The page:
Teresa Heinz Kerry’s Arthritis Cure

Heinz Kerry pitches health care (Reno Gazette-Journal)

Heinz Kerry singled out U.S. drug companies for gouging seniors, saying that if her husband were elected, he would lift the U.S. Food and Drug Administration ban on the importation of drugs from Canada. “The president has said that you can’t trust the drugs coming in from Canada, well, there are a lot of things that you can’t trust,” Heinz Kerry said. “If they (drug companies) want to keep the cost of drugs, up, let them,” she said. “We will play the market. That is what Americans do.”

She also criticized the commercial advertising of prescription drugs: “Personally, I think it creates a dilemma.” “It’s like cereal (advertising),” she said. “The more sugar, the more toys, the more kids want it.”

Heinz Kerry, who spoke in a humorous but rambling style, signed autographs after her 40-minute talk followed by a panel discussion of local supporters on the plight of the nation’s health under the Bush administration. “I think it would be a great thing if we had a first lady like her,” said Renate Neumann, 65 and a Reno artist. “She is refreshing and honest. I like her better than her husband.”

“Refreshing,” maybe. But she’s a loon. And I love the idea that the elderly are like children. Perhaps the drug companies should offer prizes in the bottom of every pill bottle.

Heinz Kerry ended with what she called “a highly effective” remedy for arthritis that drew laughter and some skepticism from the audience. “You get some gin and get some white raisins — and only white raisins — and soak them in the gin for two weeks,” she said. “Then eat nine of the raisins a day.” Despite the laughter, Dr. Steven Phillips, director of Geriatric Medicine at the University of Nevada quickly supported the prescription. Phillips, on stage with Heinz Kerry as part of the panel, said sulfur and sulfides found in grapes are increased by the alcohol and could perhaps alleviate joint pain. Dr. Michael Gerber, a noted homeopathic doctor in Reno, also said the formula has merit. “It makes sense,” said Gerber from his office. “People go to hot springs to soak in the water and that water is very high in sulfur. So Mrs. Kerry’s remedy is pretty plausible.”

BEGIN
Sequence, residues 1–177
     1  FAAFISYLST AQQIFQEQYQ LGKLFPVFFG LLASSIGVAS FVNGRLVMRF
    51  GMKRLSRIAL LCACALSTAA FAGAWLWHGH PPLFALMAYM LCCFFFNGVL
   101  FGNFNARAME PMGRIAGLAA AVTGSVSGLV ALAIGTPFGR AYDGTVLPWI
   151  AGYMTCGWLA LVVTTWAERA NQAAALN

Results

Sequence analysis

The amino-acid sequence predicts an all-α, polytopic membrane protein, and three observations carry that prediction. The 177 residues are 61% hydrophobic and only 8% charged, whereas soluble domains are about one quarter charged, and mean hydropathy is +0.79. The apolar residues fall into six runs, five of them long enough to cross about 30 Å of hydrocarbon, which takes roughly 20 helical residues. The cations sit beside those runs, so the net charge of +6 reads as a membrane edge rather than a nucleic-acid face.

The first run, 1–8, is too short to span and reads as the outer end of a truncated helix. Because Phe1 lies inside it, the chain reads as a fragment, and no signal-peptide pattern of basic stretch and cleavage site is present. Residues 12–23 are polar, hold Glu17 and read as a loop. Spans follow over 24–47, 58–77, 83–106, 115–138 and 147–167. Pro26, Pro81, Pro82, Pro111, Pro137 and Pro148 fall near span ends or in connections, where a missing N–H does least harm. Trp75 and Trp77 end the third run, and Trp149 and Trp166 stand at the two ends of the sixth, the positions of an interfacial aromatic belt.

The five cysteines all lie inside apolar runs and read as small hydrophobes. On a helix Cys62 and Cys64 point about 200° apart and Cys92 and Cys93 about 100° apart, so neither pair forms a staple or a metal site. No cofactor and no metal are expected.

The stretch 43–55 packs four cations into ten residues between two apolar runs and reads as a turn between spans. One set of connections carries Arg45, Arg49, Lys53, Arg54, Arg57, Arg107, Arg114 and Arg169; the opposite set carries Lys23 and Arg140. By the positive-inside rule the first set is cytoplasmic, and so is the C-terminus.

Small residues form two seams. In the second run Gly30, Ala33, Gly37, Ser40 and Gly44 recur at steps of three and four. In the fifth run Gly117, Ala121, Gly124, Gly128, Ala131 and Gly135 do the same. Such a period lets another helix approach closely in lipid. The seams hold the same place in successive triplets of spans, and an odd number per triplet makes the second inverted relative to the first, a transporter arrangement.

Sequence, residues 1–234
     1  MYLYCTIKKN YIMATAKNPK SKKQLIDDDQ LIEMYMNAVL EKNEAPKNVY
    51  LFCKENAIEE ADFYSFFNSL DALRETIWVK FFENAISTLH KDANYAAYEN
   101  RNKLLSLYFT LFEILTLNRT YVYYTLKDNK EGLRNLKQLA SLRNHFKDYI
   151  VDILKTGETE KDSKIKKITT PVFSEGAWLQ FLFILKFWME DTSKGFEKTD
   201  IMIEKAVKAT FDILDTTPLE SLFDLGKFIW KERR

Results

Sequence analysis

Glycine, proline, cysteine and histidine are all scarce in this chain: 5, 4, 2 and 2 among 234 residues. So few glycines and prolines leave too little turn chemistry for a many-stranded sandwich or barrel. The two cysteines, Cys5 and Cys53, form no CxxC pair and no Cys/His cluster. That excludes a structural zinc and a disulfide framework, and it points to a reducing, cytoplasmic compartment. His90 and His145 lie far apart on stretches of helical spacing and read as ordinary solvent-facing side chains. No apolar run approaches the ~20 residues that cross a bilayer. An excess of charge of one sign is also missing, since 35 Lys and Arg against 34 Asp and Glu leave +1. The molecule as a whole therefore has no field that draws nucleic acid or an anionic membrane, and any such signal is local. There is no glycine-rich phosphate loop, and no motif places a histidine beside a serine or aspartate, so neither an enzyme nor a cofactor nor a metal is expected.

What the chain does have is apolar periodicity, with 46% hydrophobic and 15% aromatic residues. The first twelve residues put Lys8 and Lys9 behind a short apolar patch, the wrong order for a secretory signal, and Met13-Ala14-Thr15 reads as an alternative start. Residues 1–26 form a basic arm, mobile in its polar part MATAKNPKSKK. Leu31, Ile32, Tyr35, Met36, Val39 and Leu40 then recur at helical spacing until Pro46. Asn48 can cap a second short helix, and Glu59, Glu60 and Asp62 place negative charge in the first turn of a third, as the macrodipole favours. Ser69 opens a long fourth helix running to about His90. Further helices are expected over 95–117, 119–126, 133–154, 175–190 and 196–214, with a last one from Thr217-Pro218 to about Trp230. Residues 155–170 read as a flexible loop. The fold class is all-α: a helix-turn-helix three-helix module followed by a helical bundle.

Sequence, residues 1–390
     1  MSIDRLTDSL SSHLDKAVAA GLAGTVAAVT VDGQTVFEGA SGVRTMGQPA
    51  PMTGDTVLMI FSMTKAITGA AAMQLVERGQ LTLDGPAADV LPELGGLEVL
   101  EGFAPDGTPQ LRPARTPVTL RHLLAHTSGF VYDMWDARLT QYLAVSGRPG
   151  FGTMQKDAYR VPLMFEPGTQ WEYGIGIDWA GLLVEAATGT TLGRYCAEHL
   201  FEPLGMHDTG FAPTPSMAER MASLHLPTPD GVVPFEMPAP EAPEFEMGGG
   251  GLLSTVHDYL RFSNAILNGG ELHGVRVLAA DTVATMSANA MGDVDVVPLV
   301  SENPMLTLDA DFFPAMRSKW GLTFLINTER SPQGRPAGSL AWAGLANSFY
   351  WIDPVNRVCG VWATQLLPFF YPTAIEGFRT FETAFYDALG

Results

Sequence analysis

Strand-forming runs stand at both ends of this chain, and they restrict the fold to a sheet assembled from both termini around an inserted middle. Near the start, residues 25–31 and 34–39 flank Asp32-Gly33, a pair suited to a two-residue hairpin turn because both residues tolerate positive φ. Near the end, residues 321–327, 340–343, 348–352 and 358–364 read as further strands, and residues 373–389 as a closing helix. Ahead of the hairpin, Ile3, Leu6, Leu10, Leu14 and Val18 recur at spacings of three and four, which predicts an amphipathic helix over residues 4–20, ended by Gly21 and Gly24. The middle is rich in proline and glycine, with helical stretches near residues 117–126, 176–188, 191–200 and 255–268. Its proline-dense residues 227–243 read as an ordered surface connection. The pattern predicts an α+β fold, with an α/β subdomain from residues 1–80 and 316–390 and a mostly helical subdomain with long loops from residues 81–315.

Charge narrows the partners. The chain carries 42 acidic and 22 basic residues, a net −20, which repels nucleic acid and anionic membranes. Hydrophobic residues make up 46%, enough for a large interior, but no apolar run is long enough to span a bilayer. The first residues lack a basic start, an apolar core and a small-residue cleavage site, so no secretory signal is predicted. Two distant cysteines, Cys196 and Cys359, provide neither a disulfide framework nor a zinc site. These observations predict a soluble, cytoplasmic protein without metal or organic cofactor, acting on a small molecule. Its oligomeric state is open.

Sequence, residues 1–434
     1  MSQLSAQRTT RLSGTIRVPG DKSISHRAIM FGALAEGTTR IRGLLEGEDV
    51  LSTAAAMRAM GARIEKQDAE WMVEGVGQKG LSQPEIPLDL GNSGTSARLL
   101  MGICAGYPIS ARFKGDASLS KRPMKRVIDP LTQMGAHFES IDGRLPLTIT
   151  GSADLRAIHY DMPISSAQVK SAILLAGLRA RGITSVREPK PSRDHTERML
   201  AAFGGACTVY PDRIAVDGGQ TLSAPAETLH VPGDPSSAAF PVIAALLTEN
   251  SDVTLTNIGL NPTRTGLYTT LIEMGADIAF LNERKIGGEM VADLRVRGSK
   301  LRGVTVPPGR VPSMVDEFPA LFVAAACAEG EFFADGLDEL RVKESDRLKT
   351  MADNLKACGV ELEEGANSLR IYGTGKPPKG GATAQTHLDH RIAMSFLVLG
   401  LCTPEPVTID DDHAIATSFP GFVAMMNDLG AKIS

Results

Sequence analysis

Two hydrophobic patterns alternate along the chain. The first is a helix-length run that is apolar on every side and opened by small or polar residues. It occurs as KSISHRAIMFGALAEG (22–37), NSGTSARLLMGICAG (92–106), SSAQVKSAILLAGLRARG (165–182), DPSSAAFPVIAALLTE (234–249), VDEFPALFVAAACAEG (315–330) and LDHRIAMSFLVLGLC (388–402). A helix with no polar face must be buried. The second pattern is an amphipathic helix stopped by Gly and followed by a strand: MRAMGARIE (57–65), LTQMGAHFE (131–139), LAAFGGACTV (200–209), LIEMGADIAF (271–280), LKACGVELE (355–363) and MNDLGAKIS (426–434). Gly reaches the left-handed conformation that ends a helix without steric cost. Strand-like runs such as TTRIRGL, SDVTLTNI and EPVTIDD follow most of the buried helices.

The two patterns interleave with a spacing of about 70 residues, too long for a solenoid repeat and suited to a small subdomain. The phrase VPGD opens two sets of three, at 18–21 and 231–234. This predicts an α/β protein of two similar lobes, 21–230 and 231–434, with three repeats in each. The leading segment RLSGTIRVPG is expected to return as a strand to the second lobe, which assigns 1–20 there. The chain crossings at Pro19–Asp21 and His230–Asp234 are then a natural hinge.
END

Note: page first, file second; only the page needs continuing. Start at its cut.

Dolores Jackson of Reno, a Kerry supporter who attended the rally, took the raisin and gin remedy seriously. “There are really other remedies where we don’t have to use so many drugs,” Jackson said. “I really believe in alternative medicine.”


FILED UNDER: Campaign 2004, Health
James Joyner
About James Joyner
James Joyner is a Security Studies professor at Marine Corps University's Command and Staff College and a nonresident senior fellow at the Brent Scowcroft Center for Strategy and Security at the Atlantic Council. He's a former Army officer and Desert Storm vet. He's a widower and father of two young daughers. He earned his PhD from The University of Alabama. Views expressed here are his own. Follow James on Twitter @DrJJoyner.


  1. dw says:

    The gin and raisins remedy has been around for a long time. There haven’t been any peer-reviewed studies on it (PubMed turns up nada), but there’s anecdotal evidence that it works.


  2. LJD says:

    She knows about raisins… It’s what her husband is going to do to the taxes… just keep RAISIN ’em. heh heh


  3. Brian J. says:

    Can I get the same preventative effects by drinking alcohol before I get arthritis?

    I am willing to participate in a double (drink yerself) blind study!


  4. Tom says:


    Can we meet and start a self directed study. I bet that the silver lining is that if the Kerrys win, Theresa can help us get funded by the government.



  5. Brian J. says:

    I call experiment gtoup. No placebos for me.


  6. Marc says:

    “She knows about raisins… It’s what her husband is going to do to the taxes… just keep RAISIN ‘em. heh heh”

    That could be true… but it’s more plausable, given Kerry’s war record, that raisins are what she fondles on the rare occasions she allows her boytoy near her.